If you owe back state taxes, you have a week left to file for amnesty under the 2017 PA Tax Amnesty Program. Apply through June 19 to pay past-due state taxes, and have all penalties and half the interest waived.
That’s assuming the Commonwealth of Pennsylvania didn’t make a mistake. You still must call or contact the Department of Revenue to sort it out if you got a notice.
However, accountants and CPAs around the Philadelphia region told us they have received notices from the Department of Revenue dating back as far as 1976 – and even one typo-laden notice for taxes owed from “1900.”
So they had a lot of questions for the department’s acting secretary, Daniel Hassell.
First, “because there have been so many incorrect notices, and ones from up to 30 years ago, will they extend the deadline?” asked David Zalles, a CPA in Blue Bell.
No, Hassell said in an interview – absolutely no extensions.
Just because the department or Pioneer Credit Recovery, the collection agency that is coordinating the program for the state, show no tax return being filed or a balance due, how can they prove that the state itself didn’t misplace the tax return or the payment?
In short, it seems, they can’t.
Why did Pennsylvania not do a better job in controlling the transfer of data from the old computer system to the new one to ensure that all records were transferred properly?
Another accountant and tax preparer in Elkins Park said a client got a letter, at an address where the client has lived for 40 years, asking for returns from 1976 to 2006, though the client had not opened or owned the company for which the letter sought information.
If current notices for unfiled returns and unpaid taxes are accurate, why have there not been notices in the intervening years? Doesn’t the Department of Revenue bear some responsibility for sending timely notices to allow a taxpayer to resolve questions, rather than waiting a seemingly unlimited period of time?
Short answer: Question everything. The commonwealth may want your money, but it may have made a mistake. Hassell advised contacting the state’s tax-amnesty hotline (1-844-727-8283) to explain any errors. “Otherwise, it stays on your record,” he said.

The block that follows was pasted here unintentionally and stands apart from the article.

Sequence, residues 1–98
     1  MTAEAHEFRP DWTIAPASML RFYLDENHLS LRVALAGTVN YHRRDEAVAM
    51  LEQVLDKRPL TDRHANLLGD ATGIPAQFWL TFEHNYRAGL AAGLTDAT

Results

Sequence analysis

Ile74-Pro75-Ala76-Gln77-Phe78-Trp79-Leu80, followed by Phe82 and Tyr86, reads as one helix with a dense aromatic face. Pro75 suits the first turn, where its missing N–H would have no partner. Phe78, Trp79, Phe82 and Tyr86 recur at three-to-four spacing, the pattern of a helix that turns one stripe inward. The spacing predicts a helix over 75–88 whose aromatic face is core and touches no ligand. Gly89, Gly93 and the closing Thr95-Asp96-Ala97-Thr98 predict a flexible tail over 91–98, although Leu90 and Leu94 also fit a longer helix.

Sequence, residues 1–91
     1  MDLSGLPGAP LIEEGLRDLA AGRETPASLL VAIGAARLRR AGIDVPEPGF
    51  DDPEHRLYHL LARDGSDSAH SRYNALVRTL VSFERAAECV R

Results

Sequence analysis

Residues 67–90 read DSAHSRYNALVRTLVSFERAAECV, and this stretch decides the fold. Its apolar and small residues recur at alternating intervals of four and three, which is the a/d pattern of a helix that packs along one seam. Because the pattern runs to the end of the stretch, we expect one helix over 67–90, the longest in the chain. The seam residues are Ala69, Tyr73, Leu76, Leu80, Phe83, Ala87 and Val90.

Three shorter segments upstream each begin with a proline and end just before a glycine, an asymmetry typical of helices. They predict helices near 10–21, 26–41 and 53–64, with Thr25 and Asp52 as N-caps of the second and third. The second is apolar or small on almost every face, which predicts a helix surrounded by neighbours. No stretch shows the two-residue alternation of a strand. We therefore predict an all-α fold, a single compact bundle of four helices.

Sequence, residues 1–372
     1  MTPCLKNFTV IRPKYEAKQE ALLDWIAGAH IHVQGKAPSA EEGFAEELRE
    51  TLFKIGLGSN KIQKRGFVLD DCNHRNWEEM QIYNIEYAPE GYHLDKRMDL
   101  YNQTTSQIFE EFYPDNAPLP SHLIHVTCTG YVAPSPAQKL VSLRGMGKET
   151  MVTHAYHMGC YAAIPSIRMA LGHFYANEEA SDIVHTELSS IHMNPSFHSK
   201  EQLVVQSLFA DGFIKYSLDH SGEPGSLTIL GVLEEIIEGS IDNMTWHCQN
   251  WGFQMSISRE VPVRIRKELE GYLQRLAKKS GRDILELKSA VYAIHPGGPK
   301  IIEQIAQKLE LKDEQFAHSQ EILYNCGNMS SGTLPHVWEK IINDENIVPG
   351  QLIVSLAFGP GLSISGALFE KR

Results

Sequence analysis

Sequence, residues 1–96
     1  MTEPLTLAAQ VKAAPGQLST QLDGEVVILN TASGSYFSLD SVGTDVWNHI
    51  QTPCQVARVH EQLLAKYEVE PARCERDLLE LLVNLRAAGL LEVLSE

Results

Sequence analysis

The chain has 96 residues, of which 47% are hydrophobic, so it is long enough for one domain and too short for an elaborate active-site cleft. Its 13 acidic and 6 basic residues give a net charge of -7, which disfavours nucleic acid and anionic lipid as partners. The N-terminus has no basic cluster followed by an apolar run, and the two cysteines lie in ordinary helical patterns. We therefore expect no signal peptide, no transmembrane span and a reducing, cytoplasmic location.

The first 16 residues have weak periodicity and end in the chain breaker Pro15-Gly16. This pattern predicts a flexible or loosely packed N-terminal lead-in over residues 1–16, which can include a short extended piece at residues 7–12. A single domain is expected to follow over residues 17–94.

Currently, Hassell estimated, “we have 28,000 applications for amnesty. The call center has taken 115,000 calls and a little less than $25 million has been collected so far. A lot of apps are in process and haven’t been completed. People can start the process and not hit the submit button until they make payment.”
The goal is to collect $100 million, less than the last amnesty program, which raised $250 million, he added. The Department of Revenue mailed more than 800,000 notices to individuals and businesses, and many received multiple notices from Pioneer Credit Recovery.
As one tax preparer argued: Pennsylvania lost records when it changed computer systems a few years ago. Otherwise, why was a notice received going back to 1987?
“I have heard these stories,” Hassell said, “and I’m aware of a few instances in which the department mailed notices over the years – perhaps we had a bad address. If the tax delinquency remains on our books, then the amnesty law requires a notice to everyone. Now, we’ve said that if it’s in error, call the tax-amnesty phone number and talk to the phone center. If it’s an error, we’ll take care of it.”
He said he hasn’t heard that Pennsylvania lost any records: “We implemented a new business-tax system in 2013. I don’t think there were any records lost. That’s news to me. I’d be interested in knowing more about that.”
What about notices asking for taxes from decades ago?
“I understand that can be asking a lot from people, to get a notice they did something wrong 30 years ago. That’s putting them in a difficult spot. But let me just say, call our center and talk with them. We can work with them and get it cleaned up.”
His final message with one week left on tax amnesty?
“We don’t want people to miss the opportunity to participate if they owe taxes. We urge people to take advantage of this opportunity while still available. Go to the website and the phone number.”
Call anyway? “Yes, absolutely. If someone gets a notice they think is incorrect, the worst thing to do is ignore it, because then the department would have to continue to follow up on it after amnesty is over. If they talk to us, we can get it rectified.”
The website is www.backtax.pa.gov.
Tax Amnesty Contacts
• Phone: 1-844-727-8283
• Send payments to: Pennsylvania Department of Revenue, PO Box 281101, Harrisburg, Pa. 17128
• Send tax returns to: Pennsylvania Department of Revenue, PO Box 281101, Harrisburg, PA 17128
• Department of Revenue Tax Amnesty website (revenue.pa.gov/taxamnesty)